"Entendre" and "écouter" in French
The verb "entendre" can translate to "hear", "listen" or "understand", depending on the context:
- "hear" (perceive a sound with your ears, passively). Ex: "J'entends du bruit." means "I hear noise."
- "listen". Ex: "Elle ne veut rien entendre." means "She won't listen."
- "understand" (formal and rare). Ex: "Cela s'entend parfaitement." means "That is perfectly understandable."
The verb "écouter" only translates to "listen". In this case, "listen" can have 3 main meanings:
- "listen to something" (intentionally). Ex: "J'écoute de la musique." means "I am listening to music."
- "listen" in the sense of "paying attention". Ex: "Écoutez-moi quand je parle !" means "Listen to me when I speak!"
- "obey something". Ex: "Écouter la voix de la sagesse." means "Listen to the voice of reason."
If Germans can speak German and Italians can speak Italian, than anyone can speak them. Because of this, I don't really consider a language easier than another. Every language has its unique set of rules to communicate, the languages that are considered different than ours is considered hard. Meh, just open up to new ideas. Kind of like how people greet each other differently in different languages or how some don't even have a way of saying yes. ehh, Guess I'll try to add some Italian to my routine..
Sure, it's possible to learn all languages. But Italian has a simpler grammar with fewer irregularities than English or French; fewer sounds in its phonology; fewer letters in its alphabet (depending on how you count accented letters...) You might find this article in the UK's Telegraph newspaper of interest...http://tinyurl.com/pgzn4z8
8 months is perfect. I love the sound of Italian. When you speak and comprehend the language spoken in a country, it greatly enriches your travel experience. I went to Costa Rica after a semester of Spanish and was so happy that I could have conversations (even if quite limited) with the locals. As for the ease of learning a new language, it really depends on your native language and other languages you know. I'm originally from India but now live in the US, so I was already multilingual. I found Spanish easier to learn than French but my knowledge of Spanish did help with French although I mix them up sometimes. From what I've read, Italian is also a phonetic language like Spanish and follows rules mostly unlike French and English.
"Elle ne veut rien entendre." I preceive as "She won't hear anything", whereas "Elle ne veut rien ecouter" seems to me more like "She won't listen" - I see écouter more as a literal translation of listen, and entendre as hear.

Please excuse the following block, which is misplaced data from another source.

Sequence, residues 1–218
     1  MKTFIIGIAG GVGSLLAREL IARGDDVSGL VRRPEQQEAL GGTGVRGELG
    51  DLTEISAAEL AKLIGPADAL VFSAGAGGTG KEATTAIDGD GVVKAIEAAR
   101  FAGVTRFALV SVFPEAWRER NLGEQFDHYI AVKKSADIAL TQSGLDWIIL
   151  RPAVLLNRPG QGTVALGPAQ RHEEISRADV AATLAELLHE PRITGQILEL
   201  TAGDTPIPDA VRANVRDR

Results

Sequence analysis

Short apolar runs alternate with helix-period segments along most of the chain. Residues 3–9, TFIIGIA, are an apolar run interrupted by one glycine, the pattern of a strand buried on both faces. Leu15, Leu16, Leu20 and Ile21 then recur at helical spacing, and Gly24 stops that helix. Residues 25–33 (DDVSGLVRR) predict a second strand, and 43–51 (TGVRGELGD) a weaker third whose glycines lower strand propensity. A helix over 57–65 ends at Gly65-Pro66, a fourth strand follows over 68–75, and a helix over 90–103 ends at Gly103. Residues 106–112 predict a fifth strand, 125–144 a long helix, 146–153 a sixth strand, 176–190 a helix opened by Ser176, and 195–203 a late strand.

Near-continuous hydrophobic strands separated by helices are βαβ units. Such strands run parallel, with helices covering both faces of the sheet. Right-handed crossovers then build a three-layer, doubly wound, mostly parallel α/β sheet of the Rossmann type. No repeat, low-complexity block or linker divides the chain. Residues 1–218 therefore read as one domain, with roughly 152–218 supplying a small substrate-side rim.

(I'm also a native french speaker)
Maybe I'm wrong, but that is how i've always seen it :)
Hi, can you just clarify something about the usage of these two phrases in french as you see it?
Say for example that you were having trouble with your teenage daughter and a friend said Tu veux que je lui parle? Would you reply Ça ne vaut la peine - elle ne veut rien entendre or elle ne veut rien écouter or peut-être on peut dire soit l'un soit l'autre? Because the only way to translate this sense in English is She won't listen
In English when we say She won't hear anything it means she won't be able to hear. You would say it if for example if you were worried the loud music would wake your girlfriend's mother, but your friend would say Don't worry, she won't hear anything, she's a deep sleeper" So it is more Elle ne VA rein entendre*
Whereas She won't listen means that she doesn't want to hear, (hence she won't be listening so we say she won't listen) In french this becomes elle ne VEUT rein entendre, or so I thought. So confused.
Both sentences would be correct to use in french, just entendre in this case would be literally as if she refused to hear anything, so would indeed be less commonly used, but is still correct. Elle ne veut rien écouter is she won't listen. Although perhaps you can use, also using the 'hence', "listen = écouter" to say she won't hear "entendre".
Thanks. Having thought about it, there are times in English when we would use hear in the sense of listening - She won't hear any more/another word about it So it seems both can be used in both languages and it will depend on context - comme d'habitude : ) When translating, we just need to use (as always) the best word in the target language given the context.
Je trouve que ce genre de "cours" est très intéressant et fort utile pour ceux qui apprennent le français. Dans notre cas ici, il est utile pour tout le monde, même pour ceux qui apprennent l'anglais.
Comment ça se fait que ce genre de cours n'est pas fait pour ceux qui apprennent l'anglais ? Ce serait aussi utile pour nous. En tout cas, je serai preneur...:)